A Comparison of AASHTO Bridge Load Rating Methods

 A Comparison of AASHTO Bridge Load Rating Methods

A Comparison of AASHTO Bridge Load Rating Methods

Systematic, well-designed research provides the most effective approach to the solution of many problems facing highway administrators and engineers. Often, highway problems are of local interest and can best be studied by highway departments individually or in cooperation with their state universities and others.

However, the accelerating growth of highway transportation develops increasingly complex problems of wide interest to highway authorities. These problems are best studied through a coordinated program of cooperative research. In recognition of these needs, the highway administrators of the American Association of State Highway and Transportation Officials initiated in 1962 an objective national highway research program employing modern scientific techniques. This program is supported on a continuing basis by funds from participating member states of the Association and it receives the full cooperation and support of the Federal Highway Administration, United States Department of

The Transportation Research Board of the National Academies was requested by the Association to administer the research program because of the Board’s recognized objectivity and understanding of modern research practices. The Board is uniquely suited for this purpose as it maintains an extensive committee structure from which authorities on any highway transportation subject may be drawn; it possesses avenues of communications and cooperation with federal, state and local governmental agencies, universities, and industry; its relationship to the National Research Council is an insurance of objectivity; it maintains a full-time research correlation staff of specialists in highway transportation matters to bring the findings of research directly to those who are in a position to use them.

The program is developed on the basis of research needs identified by chief administrators of the highway and transportation departments and by committees of AASHTO. Each year, specific areas of research needs to be included in the program are proposed to the National Research Council and the Board by the American Association of State Highway and Transportation Officials. Research projects to fulfill these needs are defined by the Board, and qualified research agencies are selected from those that have submitted proposals. Administration and surveillance of research contracts are the responsibilities of the National Research Council and the Transportation Research Board.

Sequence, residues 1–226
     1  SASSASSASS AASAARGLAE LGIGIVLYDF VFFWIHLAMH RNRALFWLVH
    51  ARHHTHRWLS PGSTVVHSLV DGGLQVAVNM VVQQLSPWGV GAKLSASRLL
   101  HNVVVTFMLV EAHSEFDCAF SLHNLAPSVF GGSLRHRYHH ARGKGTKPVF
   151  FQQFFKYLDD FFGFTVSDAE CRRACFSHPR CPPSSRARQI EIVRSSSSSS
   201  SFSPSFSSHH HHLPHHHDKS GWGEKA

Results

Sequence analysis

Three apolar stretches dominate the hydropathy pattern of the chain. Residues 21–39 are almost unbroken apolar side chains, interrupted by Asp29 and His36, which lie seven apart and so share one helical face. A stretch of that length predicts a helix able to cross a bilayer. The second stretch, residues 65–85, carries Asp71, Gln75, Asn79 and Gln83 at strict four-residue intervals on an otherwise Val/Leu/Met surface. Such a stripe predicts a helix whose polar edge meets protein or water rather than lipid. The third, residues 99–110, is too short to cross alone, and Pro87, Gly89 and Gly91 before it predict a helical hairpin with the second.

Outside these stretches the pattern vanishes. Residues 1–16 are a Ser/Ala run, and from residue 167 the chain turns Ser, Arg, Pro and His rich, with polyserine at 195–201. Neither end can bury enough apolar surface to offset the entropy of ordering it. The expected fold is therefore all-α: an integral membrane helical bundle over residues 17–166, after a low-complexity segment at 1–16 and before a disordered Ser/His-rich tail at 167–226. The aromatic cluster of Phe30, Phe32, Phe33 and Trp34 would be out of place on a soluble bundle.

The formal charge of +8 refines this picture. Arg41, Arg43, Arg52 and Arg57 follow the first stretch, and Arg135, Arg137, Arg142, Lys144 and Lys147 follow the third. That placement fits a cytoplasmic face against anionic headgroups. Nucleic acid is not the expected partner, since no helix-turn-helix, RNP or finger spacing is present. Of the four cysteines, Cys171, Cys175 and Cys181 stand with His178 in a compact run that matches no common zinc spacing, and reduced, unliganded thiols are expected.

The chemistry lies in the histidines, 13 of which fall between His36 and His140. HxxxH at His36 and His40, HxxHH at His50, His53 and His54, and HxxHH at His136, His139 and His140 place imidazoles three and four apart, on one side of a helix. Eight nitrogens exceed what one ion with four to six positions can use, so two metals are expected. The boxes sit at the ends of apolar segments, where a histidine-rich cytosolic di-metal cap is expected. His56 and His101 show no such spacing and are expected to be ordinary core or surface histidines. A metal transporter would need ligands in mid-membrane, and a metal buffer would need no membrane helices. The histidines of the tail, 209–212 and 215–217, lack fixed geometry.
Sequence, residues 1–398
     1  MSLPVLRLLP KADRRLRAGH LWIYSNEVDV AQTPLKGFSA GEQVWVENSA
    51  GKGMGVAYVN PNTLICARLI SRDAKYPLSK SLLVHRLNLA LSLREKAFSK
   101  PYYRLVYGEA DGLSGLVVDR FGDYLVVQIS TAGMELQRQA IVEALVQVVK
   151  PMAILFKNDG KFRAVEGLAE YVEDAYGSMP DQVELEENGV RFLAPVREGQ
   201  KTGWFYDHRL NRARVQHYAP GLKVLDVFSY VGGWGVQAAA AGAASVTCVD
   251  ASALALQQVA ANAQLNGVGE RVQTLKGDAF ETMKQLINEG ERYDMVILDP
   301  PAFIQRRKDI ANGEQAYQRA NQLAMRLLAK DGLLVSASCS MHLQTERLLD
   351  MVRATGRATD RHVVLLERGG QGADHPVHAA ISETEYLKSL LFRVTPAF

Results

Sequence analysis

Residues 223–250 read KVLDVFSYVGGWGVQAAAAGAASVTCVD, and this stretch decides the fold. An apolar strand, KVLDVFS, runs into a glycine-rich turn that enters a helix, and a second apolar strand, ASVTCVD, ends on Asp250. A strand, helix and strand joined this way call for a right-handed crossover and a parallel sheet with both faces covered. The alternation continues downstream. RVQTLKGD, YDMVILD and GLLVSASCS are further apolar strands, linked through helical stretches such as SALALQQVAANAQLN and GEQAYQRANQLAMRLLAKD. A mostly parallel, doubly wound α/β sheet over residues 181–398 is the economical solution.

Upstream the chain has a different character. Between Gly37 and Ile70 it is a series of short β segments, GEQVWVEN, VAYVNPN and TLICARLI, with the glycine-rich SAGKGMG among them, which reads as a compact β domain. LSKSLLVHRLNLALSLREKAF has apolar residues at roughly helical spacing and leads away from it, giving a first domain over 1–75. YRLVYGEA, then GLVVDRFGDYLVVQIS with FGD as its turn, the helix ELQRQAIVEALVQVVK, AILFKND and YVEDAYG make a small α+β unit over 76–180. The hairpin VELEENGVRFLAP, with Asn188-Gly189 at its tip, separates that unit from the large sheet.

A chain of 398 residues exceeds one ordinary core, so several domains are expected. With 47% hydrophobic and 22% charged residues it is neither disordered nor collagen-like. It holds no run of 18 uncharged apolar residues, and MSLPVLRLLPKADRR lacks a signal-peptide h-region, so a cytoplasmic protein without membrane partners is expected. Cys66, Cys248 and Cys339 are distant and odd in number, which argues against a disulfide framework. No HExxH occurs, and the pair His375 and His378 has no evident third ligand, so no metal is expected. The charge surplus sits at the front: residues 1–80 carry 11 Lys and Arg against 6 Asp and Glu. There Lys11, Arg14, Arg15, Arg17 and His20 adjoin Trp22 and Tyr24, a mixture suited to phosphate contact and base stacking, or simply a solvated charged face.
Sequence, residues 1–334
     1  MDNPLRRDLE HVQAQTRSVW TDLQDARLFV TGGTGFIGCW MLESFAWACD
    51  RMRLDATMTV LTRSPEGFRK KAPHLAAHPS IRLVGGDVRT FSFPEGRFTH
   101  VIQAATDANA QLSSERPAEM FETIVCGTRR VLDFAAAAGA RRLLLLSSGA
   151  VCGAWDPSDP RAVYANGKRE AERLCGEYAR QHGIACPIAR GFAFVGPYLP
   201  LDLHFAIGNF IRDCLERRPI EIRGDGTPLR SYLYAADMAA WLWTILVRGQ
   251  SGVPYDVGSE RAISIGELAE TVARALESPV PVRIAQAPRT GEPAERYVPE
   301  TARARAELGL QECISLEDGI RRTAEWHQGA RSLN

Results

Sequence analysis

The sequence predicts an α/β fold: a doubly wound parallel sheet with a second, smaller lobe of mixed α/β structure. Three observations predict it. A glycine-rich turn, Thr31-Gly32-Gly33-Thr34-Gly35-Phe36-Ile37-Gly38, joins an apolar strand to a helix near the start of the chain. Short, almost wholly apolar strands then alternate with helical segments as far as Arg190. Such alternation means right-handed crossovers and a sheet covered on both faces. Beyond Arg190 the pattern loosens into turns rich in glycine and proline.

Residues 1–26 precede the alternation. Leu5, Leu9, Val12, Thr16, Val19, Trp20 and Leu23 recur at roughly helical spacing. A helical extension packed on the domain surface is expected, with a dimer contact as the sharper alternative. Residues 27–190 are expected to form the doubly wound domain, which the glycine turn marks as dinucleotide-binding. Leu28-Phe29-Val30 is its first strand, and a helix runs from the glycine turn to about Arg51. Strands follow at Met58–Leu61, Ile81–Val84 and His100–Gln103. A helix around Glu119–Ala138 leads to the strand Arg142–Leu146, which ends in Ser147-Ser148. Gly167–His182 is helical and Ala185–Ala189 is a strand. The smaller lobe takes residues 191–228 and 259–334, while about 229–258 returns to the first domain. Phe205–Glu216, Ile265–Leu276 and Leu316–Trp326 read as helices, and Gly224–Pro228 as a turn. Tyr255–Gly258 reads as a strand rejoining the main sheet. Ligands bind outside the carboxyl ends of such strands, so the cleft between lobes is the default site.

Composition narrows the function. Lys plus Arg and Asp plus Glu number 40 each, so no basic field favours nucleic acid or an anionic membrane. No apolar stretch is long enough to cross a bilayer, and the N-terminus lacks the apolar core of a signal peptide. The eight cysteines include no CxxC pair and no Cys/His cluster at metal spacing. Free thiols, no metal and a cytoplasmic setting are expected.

The needs for highway research are many, and the National Cooperative Highway Research Program can make significant contributions to the solution of highway transportation problems of mutual concern to many responsible groups. The program, however, is intended to complement rather than to substitute for or duplicate other highway research programs.

This report highlights the work accomplished under the AASHTO sponsored project, “Evaluation of Load Rating by Load and Resistance Factor Rating.” Administered by NCHRP as Project 12-78, the research has provided proposals for changes to the AASHTO Manual for Bridge Evaluation through the extensive data analysis of 1,500 bridges of varying material types and structure on figurations. The bridges were analyzed using the AASHTO-WareTM Virtis® software. To select the 1,500 bridge sample and the live loadings considered in the study, the following tasks were performed:

• Reviewed the FHWA National Bridge Inventory (NBI) database to determine an appropriate cross section of material types and bridge configurations. The inventory was broken down into several categories including year built, bridge type, material type, and maximum span length.
• Solicited AASHTOWareTM data files from states during the survey period. In all, states provided over 18,000 bridge data sets for use on the project. From this set, the 1,500 final bridge domain was selected.
• Developed utility software to breakdown the 18,000 bridge database and select bridges that closely matched the cross section determined from the NBI data.
• Determined a set of live load vehicles to be used in the analysis of the 1,500 bridges based on legal and permit vehicle configurations submitted by the states surveyed. From the over 300 vehicles submitted, eight vehicles were selected in the final phase in addition to the AASHTO legal loads (Type 3, Type 3S2, and Type 3-3) and the Load Factor Design (LFD)and Load and Resistance Factor Design (LRFD) vehicles (HS-20 and HL-93, respectively).

Once the bridge domain and vehicles were selected, the AASHTOWareTM Virtis® was used to analyze the bridges. Parameters for using the software were:
  • Version 6.1.0 of the AASHTOWareTM Virtis® software with the Wyoming Transportation Department BRASS GIRDER software engine for both load factor rating (LFR) and load and resistance factor rating (LRFR).
  • Both LFR and LRFR ratings were performed on all bridges and the results for the critical moment and shear ratings were reviewed.
  • The software was run in both LFR and LRFR for the eight permit/legal loads, the three AASHTO legal loads, and the design loads.
  • In all, 3,043 girders from 1,500 bridges were analyzed using 12 vehicles for both LFR and LRFR, constituting more than 73,000 separate analysis runs.
  • The results of these analysis runs were organized by critical shear and moment ratings and relevant data was extracted using the process developed in NCHRP Project 12-50


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